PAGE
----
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Greater flexibility in eCOA solution could reduce need for backups.
Despite its established disadvantages1-3, paper backups to electronic patient-reported outcome (ePRO) systems are still requested and used. Web-based backup is often proposed as a practical solution with significant advantages over paper, yet given the frequency of requests for paper backup in lieu of or in addition to web-based backup, the web-based approach has evidently not sufficiently alleviated concerns. Here, in Part 1 of a two-part series, we offer a retrospective examination of the effectiveness, usability, and challenges with web-based electronic clinical outcome assessment (eCOA) backups. Part 2 will present results from a survey of sponsor organizations evaluating the frequency of adoption, the justifications for selecting specific backup solutions, reasons for the persistence of paper, and how backup data are evaluated.
The benefits of web-based backup over paper backup for ePRO data collection are well established.4 Web-based backup not only aligns with regulatory guidance pertaining to ALCOA+ (attributable, legible, contemporaneous, original, accurate, complete, consistent, enduring, and available) principles5, but also incorporates the design benefits of electronic methods like logical branching, forced ordering, and timestamps. Given the prevalence of internet availability, it could be reasonably assumed that web backups present the ideal solution to acquire PRO data in the field that is of superior quality when compared to paper. Web-based backup is not without its challenges.
The solution does require (minimal) additional training for trial participants and sites and may require alternative login information, which is generally unappealing to users. In addition, there may be issues with browser compatibility with personal devices or access to suitable web-enabled devices for both trial participants and site staff. Depending on the eCOA provider, a web-based backup could require additional cost and add operational demands that may impact trial timelines. We hypothesize that these challenges are the principal reasons paper backup persists.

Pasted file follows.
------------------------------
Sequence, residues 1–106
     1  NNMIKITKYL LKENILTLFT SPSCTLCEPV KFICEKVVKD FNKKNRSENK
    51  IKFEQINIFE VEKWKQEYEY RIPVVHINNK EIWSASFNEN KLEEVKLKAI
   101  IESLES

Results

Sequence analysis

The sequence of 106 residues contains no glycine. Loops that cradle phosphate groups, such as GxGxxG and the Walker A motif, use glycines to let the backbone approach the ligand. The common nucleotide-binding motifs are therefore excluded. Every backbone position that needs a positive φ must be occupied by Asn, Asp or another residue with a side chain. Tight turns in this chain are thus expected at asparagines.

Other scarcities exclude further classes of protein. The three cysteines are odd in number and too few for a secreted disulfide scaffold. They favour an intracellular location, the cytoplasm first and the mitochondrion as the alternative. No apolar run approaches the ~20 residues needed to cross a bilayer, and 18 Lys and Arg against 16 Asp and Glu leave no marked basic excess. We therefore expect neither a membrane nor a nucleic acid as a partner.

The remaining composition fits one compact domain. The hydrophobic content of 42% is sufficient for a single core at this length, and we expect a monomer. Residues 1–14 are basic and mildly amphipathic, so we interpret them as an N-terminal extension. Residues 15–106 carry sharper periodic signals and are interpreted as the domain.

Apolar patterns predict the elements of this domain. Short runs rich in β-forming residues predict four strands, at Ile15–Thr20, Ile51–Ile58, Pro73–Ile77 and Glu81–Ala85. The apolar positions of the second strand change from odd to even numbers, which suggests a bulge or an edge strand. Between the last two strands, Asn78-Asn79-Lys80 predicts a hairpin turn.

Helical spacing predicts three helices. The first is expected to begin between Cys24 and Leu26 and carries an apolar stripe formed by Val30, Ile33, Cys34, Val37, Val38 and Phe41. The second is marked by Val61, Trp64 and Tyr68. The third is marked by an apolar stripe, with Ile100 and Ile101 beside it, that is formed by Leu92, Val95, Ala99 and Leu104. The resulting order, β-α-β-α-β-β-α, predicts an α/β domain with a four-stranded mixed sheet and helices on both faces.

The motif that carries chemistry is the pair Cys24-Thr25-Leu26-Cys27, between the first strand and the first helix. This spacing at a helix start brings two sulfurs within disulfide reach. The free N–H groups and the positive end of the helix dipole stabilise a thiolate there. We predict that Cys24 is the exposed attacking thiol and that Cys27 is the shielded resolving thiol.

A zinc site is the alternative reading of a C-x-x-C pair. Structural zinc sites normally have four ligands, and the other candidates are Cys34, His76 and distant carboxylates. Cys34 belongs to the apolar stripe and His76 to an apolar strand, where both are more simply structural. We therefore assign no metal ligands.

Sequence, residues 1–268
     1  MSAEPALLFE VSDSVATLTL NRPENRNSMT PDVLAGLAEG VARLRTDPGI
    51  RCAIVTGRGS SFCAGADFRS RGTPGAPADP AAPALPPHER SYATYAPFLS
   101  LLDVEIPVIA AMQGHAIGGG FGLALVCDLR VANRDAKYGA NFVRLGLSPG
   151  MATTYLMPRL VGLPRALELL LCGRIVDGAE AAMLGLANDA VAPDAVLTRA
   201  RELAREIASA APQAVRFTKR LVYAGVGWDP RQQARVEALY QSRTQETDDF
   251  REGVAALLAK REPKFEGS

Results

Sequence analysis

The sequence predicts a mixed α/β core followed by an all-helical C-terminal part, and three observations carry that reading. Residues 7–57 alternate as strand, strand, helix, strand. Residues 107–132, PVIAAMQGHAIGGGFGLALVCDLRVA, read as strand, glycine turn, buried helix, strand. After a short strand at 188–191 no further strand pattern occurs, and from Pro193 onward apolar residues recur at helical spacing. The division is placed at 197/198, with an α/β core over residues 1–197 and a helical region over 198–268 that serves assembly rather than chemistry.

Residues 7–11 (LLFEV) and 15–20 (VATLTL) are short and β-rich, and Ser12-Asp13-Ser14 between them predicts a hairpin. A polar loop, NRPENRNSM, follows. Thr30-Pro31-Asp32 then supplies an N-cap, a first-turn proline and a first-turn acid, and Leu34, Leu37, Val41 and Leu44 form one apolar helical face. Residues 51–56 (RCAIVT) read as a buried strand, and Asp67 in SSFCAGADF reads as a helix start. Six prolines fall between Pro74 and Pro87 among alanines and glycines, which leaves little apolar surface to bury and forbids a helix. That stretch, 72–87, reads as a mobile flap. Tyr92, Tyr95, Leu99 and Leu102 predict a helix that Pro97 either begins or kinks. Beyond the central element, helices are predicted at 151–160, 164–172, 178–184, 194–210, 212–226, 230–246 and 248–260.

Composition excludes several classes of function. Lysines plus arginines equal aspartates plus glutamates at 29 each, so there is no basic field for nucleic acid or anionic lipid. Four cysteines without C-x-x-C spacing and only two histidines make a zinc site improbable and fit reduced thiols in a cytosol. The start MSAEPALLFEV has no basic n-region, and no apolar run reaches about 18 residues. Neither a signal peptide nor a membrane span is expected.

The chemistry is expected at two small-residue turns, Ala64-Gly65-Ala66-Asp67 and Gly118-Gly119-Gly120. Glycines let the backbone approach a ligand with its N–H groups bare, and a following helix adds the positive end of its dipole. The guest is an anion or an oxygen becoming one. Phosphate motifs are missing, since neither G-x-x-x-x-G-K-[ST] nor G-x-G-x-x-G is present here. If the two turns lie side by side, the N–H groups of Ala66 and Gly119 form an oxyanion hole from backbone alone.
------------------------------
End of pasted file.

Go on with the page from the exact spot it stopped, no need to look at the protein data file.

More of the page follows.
Web-based backup was introduced as one of many solutions to mitigate device loss or failure at home and/or at sites. According to an informal poll of the eCOA provider member firms of the eCOA Consortium, device failure is attributed to less than 1% of devices used in the field. As such, web-based backup historically has been of limited need in clinical trials.
While web-based approaches have certainly been used as the primary data capture method in clinical trials, this approach gained significant additional interest and adoption as a result of the COVID-19 pandemic. The pandemic not only disrupted participants’ ability to visit a site, but it also impacted supply chains and associated distribution hubs and pathways for management of provisioned devices and accessories. FDA encouraged clinical trial sponsors to embrace alternative methods of data collection, including remote eCOA data capture.6 In response to that guidance, the eCOA Consortium offered web-based eCOA as one of the viable options to mitigate risk and reduce missing data7, and some eCOA providers repurposed their web-based backup solutions to provide this alternative primary solution.
The primary differences between web-based backup (pre-pandemic) and web-based eCOA (mid-pandemic) were the removal of managed or limited access to the field-based web system and replacement of site-based tablet ePRO with remote web-based ePRO.
The increased use of web-based backup during the pandemic was unanticipated but should lead to reconsideration of backup solutions overall. Given how web-based backup is built to mimic app-based solutions and the compelling amount of data supporting measurement comparability when best practices are implemented, there is sufficient evidence to support a more flexible, device- and location-agnostic approach to ePRO; web-based ePRO is a trusted approach already.
Instead of relegating web-based solutions to backup only, we should consider them as an integral component of a flexible bring your own device (BYOD) model with greater applications to support traditional, hybrid, and fully decentralized clinical trials. We hypothesize that by allowing greater flexibility in the eCOA technology solution we will reduce the need for backups, specifically paper.
Authored on behalf of Critical Path Institute’s eCOA Consortium by Lisa Charlton, Senior Director, eCOA, Science 37; Shelly Steele, Senior Scientific Advisor, eCOA, WCG Clinical Endpoint Solutions; Celeste Elash, Vice President, eCOA Science, YPrime; and Scottie Kern, Executive Director, eCOA Consortium